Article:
Many foreigners who plan only a smaller investment in Pattaya, e.g., open a beer bar, small guesthouse, laundry, internet shop etc., and don’t want to go through the legal hassle of setting up a company, often simply buy “their” business in their Thai girlfriend’s or wife’s name. While there’s nothing wrong with that essentially, it’s surely not the smartest way of securing your investment.
On one hand, you certainly save on the running costs that come with a registered company, e.g., personal income tax, corporate tax, lawyer fees etc.; so if your business generates only a moderate annual income it might be worth taking a risk and saving some money here. On the other hand, you would legally not be allowed to work in “your own” business, i.e. not even go to the fridge and get yourself a bottle of beer (if it’s a bar business that you’re running). And finally, while that might not bother you too much, you shouldn’t really be surprised either if one day your “loving” Thai wife or GF kicks you out of “your” bar or other small business. Without an official legal role in “your” business there would basically be nothing you could do about it.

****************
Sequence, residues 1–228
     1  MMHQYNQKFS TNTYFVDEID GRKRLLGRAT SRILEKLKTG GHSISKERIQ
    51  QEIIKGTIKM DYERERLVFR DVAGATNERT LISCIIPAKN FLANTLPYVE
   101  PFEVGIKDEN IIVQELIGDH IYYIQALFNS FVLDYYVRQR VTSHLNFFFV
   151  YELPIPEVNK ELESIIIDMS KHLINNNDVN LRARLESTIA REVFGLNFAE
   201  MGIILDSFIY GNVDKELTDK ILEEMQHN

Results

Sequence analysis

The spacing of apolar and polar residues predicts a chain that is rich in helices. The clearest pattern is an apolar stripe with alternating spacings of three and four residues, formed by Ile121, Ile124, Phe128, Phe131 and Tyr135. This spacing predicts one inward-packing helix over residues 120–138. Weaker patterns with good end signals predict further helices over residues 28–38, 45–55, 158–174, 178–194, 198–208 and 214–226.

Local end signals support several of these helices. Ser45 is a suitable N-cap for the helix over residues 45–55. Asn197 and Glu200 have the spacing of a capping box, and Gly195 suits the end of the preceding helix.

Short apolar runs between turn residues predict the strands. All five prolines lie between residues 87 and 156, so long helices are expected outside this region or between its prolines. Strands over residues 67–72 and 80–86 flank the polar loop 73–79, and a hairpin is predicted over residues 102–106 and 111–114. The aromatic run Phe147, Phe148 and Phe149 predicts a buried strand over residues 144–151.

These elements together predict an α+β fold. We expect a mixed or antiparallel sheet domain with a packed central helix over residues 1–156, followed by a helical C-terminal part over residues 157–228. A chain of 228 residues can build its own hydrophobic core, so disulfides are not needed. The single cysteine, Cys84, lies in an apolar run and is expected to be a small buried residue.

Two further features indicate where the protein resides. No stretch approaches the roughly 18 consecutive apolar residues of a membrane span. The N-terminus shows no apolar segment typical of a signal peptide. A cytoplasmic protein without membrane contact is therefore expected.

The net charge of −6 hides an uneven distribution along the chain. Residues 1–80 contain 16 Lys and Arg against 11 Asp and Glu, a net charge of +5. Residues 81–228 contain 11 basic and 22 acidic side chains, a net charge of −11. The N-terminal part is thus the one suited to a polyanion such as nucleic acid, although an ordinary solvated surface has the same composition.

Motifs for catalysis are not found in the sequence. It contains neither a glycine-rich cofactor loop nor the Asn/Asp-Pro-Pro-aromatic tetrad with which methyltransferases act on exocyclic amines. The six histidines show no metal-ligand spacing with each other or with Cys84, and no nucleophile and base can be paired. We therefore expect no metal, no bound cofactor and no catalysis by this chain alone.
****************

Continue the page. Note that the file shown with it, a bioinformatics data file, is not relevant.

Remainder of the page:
Many Farangs who have experienced Pattaya’s alluring nightlife and the easy-going lifestyle in Thailand, dream of running their own bar, restaurant or guesthouse in Pattaya.
Sure, the prospect of being the “big boss” in your own bar is certainly very tempting at first glance. Drinking your favourite brand of beer at wholesale prices in the company of “your girls” and mates, and even making money on top of all that – this truly looks like a paid holiday, doesn’t it?